I’m writing this on my birthday, 29th March. It’s one of those ages that you can turn upside down and the numbers are the same. Some of these occur when we’re quite young, other when we’re quite old. I’m somewhere in the middle.
Perhaps because of this I’m prompted to look at things in different ways.
There’s an experiment where two people on opposite sides of a table are looking at a ball suspended between them. They are asked to discuss what they see and decide on the colour of the ball. A fierce argument ensues as one states categorically the ball is red and the other insists it is blue. The truth is half of the ball is red and the other half blue but neither person can see the whole ball.
On a lighter note there’s the joke in the Father Ted comedy sitcom when Ted is attempting to explain to Dougal that “these (model) cows are small, those cows (in the field) are far away”.
When you or I have a decision to make; there are positive and negative arguments, pros and cons, for and against. We look at something from different angles and according to our perceptions, yours and mine, we may or may not come up with different ‘answers’.
Often, like a coin, both sides of the argument actually have the same value. But when you and I toss a coin to make a decision there is always a ‘right’ and a ‘wrong’ according to which way the coin falls – at least as far as you and I are concerned!
Joni Mitchell sang:
“I’ve looked at life from both sides now,
From win and lose but still somehow
It’s life’s illusions I recall
I really don’t know life at all.”
She’s quite correct. What you and I see when we ‘look’ at something really is an illusion.
Whether it’s an object or a scene or if it’s a situation or a question, what you and I ‘see’ or ‘understand’ results from our perceptions of what we ‘see’ which in turn result from the conditioning we have taken on board throughout our lives so far.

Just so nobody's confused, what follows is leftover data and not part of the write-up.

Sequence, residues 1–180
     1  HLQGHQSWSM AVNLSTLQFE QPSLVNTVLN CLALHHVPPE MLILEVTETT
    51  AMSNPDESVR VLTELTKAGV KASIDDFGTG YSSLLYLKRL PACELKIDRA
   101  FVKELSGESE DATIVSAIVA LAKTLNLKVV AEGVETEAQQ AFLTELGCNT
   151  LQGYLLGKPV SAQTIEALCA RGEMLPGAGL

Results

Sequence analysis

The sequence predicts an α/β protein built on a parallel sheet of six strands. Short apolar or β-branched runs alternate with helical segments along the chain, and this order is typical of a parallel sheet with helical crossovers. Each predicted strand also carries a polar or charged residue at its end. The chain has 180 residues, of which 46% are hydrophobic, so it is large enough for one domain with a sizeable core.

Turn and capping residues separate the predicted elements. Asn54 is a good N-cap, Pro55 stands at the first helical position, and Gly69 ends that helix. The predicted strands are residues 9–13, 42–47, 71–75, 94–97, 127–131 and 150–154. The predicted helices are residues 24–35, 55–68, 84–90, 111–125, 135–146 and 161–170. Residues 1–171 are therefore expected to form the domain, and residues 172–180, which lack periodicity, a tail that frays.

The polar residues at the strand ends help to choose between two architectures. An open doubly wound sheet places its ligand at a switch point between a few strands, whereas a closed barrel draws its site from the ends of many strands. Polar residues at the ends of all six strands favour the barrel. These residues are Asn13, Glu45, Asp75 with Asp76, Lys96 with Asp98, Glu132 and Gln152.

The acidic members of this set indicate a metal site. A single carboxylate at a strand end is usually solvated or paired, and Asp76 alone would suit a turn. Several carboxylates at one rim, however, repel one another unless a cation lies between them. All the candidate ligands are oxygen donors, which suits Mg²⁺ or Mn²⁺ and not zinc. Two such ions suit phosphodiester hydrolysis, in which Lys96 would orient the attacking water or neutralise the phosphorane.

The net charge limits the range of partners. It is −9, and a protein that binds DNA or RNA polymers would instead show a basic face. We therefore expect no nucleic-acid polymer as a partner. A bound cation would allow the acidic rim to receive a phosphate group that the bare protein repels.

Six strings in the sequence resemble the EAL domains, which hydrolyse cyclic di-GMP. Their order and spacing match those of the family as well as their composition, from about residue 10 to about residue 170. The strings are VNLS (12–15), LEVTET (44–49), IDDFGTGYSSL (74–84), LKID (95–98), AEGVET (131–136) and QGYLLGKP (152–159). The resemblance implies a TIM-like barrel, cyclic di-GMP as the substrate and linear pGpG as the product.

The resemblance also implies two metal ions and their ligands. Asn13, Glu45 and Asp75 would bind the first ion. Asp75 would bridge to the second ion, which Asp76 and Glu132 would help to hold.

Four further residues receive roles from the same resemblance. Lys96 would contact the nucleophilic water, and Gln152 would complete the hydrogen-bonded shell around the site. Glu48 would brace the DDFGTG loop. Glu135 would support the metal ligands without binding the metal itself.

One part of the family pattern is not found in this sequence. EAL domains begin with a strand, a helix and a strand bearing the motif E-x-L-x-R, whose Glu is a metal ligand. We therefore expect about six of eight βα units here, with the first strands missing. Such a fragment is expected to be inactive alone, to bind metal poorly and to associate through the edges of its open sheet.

Crime scene witnesses rarely come up with the same description of what they ‘saw’, and indeed it’s considered suspicious by investigators if people come up with identical stories.
People have a myriad of different opinions on different subjects. Some people will ‘see’ it one way, other people will take a different ‘view’.
If you’re on the inside of a bottle you can’t see what’s written on the outside of the label and if you live inside a paradigm you’ve developed over the years, it’s difficult to see things other people can see. But of course, everyone has the same problem.
There is no ‘wrong’, there is no ‘right’. It’s not a binary choice. At any one time, different people will have different opinions on what it is they see. And you and I know during our own lives our own opinions on what we see have also changed.
Things not acceptable 50 years ago are now acceptable and even sometimes encouraged, and vice versa.
50 years ago, most people smoked, and it was a normal social practice to offer people a cigarette when you met them and even impolite if you didn’t; now, smoking is illegal in many places and actively discouraged.
You and I and everyone else have our own perspective on life. Much of this perspective consists of self-limiting beliefs about how we are supposed to ‘behave’ and what we are supposed to believe – a result of conditioning over the years by people we know, the media and the culture of the society we live in.
This perspective works like a lens and affects how we ‘see’ things and what decisions we make.
But we can change the lens and look at things from different ‘angles’ using a different set of ‘rules’ or even better, no rules.
Look at ‘it’ (whatever ‘it’ is) from both sides, from inside out or outside in, through a microscope, from top to bottom, back to front, upside down or even ‘through the looking glass’.
Then you’ll stand a chance of understanding what you’re looking at and making a decision about what it is or what to do without being encumbered by what has gone before.
I’m off to start a new year, but I’m clearing out some of the perceptions, conditioning and paradigms I’ve collected on my ‘hard drive’ first.
How about you?